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Genoise Collapses
Posted: 08 November 2008 06:32 PM   [ Ignore ]   [ # 31 ]
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~FRESHKID - 08 November 2008 10:13 PM

CHALES T:
  Good afternoon to you. Thank you for your quick reply. I am slightly confused. Did you wish me to reply to your response. Enjoy the rest of the week-end?????

Please do, if you have some insight to share.  You mentioned a 33% limit of fat to flour, and I’m sure you have some reason for that number, but I was pointing out that many recipes that do work *under some circumstances* contain a much higher percentage fat that this.  It’s not clear to me that the fat to flour ratio is a key measurement when you have other structure builders such as eggs.  What is the source of the 33% number?

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Posted: 10 November 2008 01:00 PM   [ Ignore ]   [ # 32 ]
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CHARLES~T
  Good morning. Charles I will try to answer your question about my reasoning to mention the 33% ratio is simply this. As you know Charles, in Europe the pastry bakers there do not as a rule employ butter in their sponge cakes. Butter is used in Canada & America for flavor purpose only It is not a requirement..it can be omitted.. In other words my friend you can omit the butter & your failed baked product would have baked. You can employ up to 50% of the butter to the flour in a sponge cake ...however, whereas that is a lot of butter there is a secret trick in doing that proceedure so that that cake does not collapse. I will not discuss that proceedure as you are not going to bake this recipe any longer. I chose 37 1/2% butter for your recipe because I knew it would work. Also my friend, I didn’t pick up on this but your recipe calls for the warm melted butter to be mixed in the batter to early. It is always mixed in at the very very end. Then quickly panned & placed in your oven.  One more thing Charles consider placing your muffin pan in a sheet pan before placing same in the oven.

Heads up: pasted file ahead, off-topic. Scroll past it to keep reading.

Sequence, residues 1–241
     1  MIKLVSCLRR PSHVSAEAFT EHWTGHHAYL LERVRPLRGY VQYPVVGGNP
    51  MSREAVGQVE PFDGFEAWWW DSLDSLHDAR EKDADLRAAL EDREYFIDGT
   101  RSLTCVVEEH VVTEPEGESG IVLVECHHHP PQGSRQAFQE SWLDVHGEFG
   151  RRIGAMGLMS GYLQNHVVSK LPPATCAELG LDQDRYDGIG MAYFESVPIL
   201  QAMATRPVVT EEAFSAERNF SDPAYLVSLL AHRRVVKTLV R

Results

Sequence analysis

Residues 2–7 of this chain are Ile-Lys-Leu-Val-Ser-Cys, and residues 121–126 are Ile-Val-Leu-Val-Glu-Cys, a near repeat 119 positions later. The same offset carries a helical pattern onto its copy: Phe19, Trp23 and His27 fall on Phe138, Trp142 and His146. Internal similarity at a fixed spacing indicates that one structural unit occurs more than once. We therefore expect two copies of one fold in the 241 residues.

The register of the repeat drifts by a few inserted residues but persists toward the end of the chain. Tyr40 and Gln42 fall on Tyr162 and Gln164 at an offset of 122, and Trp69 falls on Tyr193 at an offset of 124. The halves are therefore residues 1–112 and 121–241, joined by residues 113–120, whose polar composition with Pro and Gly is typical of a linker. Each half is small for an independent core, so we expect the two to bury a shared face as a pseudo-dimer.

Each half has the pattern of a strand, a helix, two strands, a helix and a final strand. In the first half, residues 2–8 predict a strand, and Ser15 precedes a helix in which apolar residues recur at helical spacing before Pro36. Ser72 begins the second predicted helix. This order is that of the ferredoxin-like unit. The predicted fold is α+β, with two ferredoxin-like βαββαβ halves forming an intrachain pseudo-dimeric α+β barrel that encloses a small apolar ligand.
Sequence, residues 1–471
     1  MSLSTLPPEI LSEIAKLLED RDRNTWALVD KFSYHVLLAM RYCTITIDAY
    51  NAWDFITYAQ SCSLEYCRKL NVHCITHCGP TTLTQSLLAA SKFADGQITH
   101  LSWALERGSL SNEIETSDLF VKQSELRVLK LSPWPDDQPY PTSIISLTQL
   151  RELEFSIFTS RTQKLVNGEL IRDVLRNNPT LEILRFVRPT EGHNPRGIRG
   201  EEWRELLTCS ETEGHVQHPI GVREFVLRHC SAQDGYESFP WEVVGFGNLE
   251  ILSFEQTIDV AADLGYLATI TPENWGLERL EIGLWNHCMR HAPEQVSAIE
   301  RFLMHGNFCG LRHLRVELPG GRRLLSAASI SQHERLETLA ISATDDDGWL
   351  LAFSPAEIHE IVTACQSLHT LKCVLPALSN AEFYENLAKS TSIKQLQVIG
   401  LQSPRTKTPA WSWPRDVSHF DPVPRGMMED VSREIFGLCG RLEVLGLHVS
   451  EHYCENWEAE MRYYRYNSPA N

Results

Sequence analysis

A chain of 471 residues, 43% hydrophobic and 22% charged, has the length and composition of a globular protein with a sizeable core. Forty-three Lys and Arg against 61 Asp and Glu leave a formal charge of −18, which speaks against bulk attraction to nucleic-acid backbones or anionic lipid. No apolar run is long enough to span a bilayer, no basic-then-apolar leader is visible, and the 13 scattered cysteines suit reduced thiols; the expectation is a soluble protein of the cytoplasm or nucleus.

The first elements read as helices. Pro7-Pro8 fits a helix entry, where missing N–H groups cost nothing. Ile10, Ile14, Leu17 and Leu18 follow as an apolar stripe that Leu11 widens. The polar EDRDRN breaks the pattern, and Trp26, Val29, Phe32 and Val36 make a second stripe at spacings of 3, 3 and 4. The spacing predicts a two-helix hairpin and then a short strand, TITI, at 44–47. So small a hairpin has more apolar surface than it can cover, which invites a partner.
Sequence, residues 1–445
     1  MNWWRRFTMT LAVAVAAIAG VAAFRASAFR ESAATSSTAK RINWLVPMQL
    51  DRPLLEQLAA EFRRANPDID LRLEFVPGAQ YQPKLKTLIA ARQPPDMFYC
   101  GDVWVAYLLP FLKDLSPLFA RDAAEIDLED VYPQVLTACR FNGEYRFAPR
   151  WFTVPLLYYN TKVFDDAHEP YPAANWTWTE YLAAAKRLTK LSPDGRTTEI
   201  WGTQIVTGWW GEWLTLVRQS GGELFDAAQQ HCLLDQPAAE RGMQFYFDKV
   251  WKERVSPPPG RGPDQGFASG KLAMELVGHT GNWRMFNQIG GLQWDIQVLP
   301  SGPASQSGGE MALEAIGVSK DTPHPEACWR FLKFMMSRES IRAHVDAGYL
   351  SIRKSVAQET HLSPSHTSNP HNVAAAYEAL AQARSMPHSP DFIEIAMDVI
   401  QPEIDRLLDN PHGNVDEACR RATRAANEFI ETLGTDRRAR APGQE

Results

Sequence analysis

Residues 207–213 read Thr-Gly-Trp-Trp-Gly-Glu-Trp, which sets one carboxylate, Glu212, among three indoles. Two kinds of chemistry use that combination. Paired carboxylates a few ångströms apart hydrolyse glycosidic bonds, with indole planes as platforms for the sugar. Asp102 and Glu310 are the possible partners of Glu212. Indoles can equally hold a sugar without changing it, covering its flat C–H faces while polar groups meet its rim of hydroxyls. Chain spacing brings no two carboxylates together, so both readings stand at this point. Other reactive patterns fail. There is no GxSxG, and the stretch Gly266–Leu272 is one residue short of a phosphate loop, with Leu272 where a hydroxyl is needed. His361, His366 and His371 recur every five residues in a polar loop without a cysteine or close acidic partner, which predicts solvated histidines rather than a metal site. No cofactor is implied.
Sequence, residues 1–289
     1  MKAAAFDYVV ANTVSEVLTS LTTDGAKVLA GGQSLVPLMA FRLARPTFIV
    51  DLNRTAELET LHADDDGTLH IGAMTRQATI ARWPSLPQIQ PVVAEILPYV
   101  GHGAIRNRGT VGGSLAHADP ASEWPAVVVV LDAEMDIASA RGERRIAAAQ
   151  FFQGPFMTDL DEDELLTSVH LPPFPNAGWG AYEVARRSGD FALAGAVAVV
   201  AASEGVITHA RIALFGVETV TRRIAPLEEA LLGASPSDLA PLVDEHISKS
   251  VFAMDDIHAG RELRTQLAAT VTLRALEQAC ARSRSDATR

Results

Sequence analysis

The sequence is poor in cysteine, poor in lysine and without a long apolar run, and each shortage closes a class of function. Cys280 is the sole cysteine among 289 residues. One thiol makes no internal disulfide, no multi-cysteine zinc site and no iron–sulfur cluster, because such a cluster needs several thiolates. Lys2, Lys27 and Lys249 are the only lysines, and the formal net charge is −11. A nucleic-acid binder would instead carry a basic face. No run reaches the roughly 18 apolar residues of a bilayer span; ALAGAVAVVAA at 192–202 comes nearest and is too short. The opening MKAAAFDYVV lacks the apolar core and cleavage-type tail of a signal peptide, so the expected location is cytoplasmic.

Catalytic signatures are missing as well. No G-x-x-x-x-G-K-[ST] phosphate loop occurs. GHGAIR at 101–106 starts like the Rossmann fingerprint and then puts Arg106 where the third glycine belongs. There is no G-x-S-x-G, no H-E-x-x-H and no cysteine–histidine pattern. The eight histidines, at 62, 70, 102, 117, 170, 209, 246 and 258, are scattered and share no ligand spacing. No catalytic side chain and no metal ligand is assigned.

Good luck in your baking Charles & if you should have any other inquiries about baking science or proceedures feel free to post them to me. However Charles ,there are proceedures that I do not share. But I do enjoy helping bakers in solving their baking mis~haps. Enjoy the rest of the day.

  ~FRESHKID.

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Posted: 10 November 2008 07:45 PM   [ Ignore ]   [ # 33 ]
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Charles, I was so stumped by your problem that it is now my problem, too!  That is to say, I baked these up this afternoon and also had some falling in the middle, just like you.

For the record, I used 142 grams of flour, because Sherry says she uses the dip and sweep method.  I weighed 200g of sugar, and I’ll say that much sugar in with the yolks changed their texture significantly from what Rose’s recipes produce.  I followed the recipe exactly, with the exception that I left my convection fan running with the oven at 350 (confirmed with an oven thermometer), as normally the main problem with a too-hot oven for genoise is over browning, which I figured I could risk. 

Well, a hot oven did not save these.  Four of the twenty-four had flat tops when I removed them from the oven (the rest were somewhat sunken).  After cooling, every last one had a sunken middle.  The average depression was 3/8” from the tallest part of the rim.  Maybe they only work with resturant-quality equipment? I don’t usually have problems with Genoise, it is my favorite category of cake in TCB!